Diamond Silk Mill

From Wikipedia, the free encyclopedia
Jump to: navigation, search
Diamond Silk Mill
Diamond Silk Mill YorkCo PA.JPG
View from Hay Street
Diamond Silk Mill is located in Pennsylvania
Diamond Silk Mill
Diamond Silk Mill is located in the US
Diamond Silk Mill
Location Junction of Ridge Avenue and Hay Street in East York, Springettsbury Township, Pennsylvania
Coordinates 39°58′35″N 76°42′0″W / 39.97639°N 76.70000°W / 39.97639; -76.70000Coordinates: 39°58′35″N 76°42′0″W / 39.97639°N 76.70000°W / 39.97639; -76.70000
Area 9 acres (3.6 ha)
Built 1900
Architect Dempwolf, John A.
Architectural style Romanesque
NRHP Reference # 92000949[1]
Added to NRHP July 24, 1992

Diamond Silk Mill, also known as York Silk Manufacturing Company, is a historic silk mill located at Springettsbury Township, York County, Pennsylvania. It was designed by noted architect John A. Dempwolf and built about 1900. The mill is a 3 1/2-story, brick building with heavy timber frame trussing on a stone foundation, and measures 50 feet by 300 feet. It has a hipped roof, and features an octagonal 100-foot high smokestack and decorative corbelled brick cornice in the Romanesque Revival style.[2]

In 1910, the mill's business had increased such that it was noted by an industry periodical as becoming a full-time operation and hiring additional workers.[3] Silk manufacturing would become one of York's most important industries, feeding Lancaster's manufacture of umbrellas. A decline began with the Great Depression and continued with the introduction of synthetic fibers in the late 1930s, for which most York mills did not have equipment.[2]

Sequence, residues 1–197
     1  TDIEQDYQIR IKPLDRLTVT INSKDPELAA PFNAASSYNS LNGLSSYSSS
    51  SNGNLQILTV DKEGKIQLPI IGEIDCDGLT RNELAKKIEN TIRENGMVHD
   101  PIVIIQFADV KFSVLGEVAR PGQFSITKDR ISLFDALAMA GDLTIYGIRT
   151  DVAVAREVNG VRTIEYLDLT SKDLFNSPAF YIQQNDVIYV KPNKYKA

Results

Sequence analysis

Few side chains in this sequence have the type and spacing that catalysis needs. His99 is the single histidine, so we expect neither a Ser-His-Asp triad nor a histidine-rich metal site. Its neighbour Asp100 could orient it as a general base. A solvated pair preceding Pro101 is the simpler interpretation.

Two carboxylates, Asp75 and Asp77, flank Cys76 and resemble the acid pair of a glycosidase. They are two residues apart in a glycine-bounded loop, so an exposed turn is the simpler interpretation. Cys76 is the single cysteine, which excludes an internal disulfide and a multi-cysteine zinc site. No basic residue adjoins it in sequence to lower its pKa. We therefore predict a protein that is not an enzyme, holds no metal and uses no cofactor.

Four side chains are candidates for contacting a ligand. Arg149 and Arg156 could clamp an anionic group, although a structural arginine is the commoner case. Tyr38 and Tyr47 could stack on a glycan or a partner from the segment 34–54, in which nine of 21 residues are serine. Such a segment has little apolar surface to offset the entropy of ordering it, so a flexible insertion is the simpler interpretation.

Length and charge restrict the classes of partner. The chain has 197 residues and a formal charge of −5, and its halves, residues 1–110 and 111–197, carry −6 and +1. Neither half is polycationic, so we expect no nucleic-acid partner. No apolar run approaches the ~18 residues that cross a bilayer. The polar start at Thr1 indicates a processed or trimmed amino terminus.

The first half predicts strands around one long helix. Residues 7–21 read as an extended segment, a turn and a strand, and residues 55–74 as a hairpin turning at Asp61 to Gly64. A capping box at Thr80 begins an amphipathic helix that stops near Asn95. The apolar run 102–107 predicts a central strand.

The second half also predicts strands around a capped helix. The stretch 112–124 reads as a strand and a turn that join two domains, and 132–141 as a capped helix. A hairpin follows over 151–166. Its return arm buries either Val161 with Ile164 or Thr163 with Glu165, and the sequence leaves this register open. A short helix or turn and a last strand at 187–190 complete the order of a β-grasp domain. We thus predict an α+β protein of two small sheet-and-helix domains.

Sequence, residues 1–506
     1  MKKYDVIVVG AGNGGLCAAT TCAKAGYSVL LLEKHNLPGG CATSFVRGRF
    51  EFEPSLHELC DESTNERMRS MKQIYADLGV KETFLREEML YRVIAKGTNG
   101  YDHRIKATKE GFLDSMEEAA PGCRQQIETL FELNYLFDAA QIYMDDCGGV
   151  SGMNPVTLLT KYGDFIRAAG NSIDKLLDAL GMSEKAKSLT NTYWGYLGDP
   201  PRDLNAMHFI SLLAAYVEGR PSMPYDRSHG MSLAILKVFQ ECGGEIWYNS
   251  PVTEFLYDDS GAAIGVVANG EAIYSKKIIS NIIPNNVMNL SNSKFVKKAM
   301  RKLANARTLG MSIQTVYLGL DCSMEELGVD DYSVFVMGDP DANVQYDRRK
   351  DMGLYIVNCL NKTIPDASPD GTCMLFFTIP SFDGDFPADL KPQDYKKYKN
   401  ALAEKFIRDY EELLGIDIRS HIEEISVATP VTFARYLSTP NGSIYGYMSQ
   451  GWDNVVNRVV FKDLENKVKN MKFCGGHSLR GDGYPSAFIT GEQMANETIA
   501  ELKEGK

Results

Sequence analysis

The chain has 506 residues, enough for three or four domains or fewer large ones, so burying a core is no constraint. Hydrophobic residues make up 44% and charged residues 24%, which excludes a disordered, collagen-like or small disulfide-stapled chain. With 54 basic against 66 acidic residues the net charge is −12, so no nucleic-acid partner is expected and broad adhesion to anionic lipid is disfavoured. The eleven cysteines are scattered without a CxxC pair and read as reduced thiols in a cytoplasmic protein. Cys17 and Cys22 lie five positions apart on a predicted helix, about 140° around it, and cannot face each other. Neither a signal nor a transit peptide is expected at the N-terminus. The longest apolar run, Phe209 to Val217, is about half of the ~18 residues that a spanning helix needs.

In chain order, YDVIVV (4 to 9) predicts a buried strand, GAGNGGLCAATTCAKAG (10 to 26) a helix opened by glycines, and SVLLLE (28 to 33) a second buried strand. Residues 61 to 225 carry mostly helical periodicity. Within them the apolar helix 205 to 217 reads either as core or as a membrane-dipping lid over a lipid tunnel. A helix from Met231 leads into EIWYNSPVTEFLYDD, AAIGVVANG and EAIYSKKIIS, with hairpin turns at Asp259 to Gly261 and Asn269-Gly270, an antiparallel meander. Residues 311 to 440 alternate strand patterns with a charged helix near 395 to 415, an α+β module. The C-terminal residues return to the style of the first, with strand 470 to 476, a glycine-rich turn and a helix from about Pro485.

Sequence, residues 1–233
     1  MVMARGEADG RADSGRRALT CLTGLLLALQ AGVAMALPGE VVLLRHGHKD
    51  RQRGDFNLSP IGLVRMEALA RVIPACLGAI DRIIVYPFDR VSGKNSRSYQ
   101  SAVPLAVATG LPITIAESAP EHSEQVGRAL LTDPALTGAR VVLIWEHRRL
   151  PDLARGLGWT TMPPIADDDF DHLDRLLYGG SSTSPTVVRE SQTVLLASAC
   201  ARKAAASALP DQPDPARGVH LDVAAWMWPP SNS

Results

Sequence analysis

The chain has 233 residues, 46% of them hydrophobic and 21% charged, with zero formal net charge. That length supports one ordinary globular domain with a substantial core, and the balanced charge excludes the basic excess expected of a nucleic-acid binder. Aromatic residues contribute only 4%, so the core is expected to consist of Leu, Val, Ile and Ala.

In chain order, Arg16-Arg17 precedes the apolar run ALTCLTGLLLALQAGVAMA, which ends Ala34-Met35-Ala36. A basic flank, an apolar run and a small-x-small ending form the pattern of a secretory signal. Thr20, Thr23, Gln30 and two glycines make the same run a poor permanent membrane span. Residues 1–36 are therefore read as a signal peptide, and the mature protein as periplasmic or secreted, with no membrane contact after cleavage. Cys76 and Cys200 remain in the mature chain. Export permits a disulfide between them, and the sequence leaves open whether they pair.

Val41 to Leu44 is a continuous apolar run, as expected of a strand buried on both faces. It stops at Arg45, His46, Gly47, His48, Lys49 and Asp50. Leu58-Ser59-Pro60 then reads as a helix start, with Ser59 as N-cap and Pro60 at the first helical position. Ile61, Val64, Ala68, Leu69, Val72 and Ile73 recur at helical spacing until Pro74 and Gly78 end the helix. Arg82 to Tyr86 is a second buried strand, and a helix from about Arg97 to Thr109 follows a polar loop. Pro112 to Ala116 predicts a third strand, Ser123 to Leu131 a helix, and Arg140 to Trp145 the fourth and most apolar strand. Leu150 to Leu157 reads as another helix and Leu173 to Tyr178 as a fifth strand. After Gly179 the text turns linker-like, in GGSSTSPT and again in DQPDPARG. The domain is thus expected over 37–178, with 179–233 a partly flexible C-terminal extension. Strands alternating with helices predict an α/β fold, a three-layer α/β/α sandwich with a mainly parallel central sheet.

The mill was added to the National Register of Historic Places in 1992.[1]

See also[edit]


  1. ^ a b National Park Service (2010-07-09). "National Register Information System". National Register of Historic Places. National Park Service. 
  2. ^ a b "National Historic Landmarks & National Register of Historic Places in Pennsylvania" (Searchable database). CRGIS: Cultural Resources Geographic Information System.  Note: This includes John J. Calabrese (February 1992). "National Register of Historic Places Inventory Nomination Form: Diamond Silk Mill" (PDF). Retrieved December 18, 2011. 
  3. ^ "Mill News" (PDF). Posselt's Textile Journal. Philadelphia: University of Arizona. October 1910. p. xi. Retrieved December 2, 2015. The Diamond Silk Mill, which has been operating on short time basis, [sic] is now running full time. Sufficient orders has [sic] been received, which will necessitate the employment of additional hands.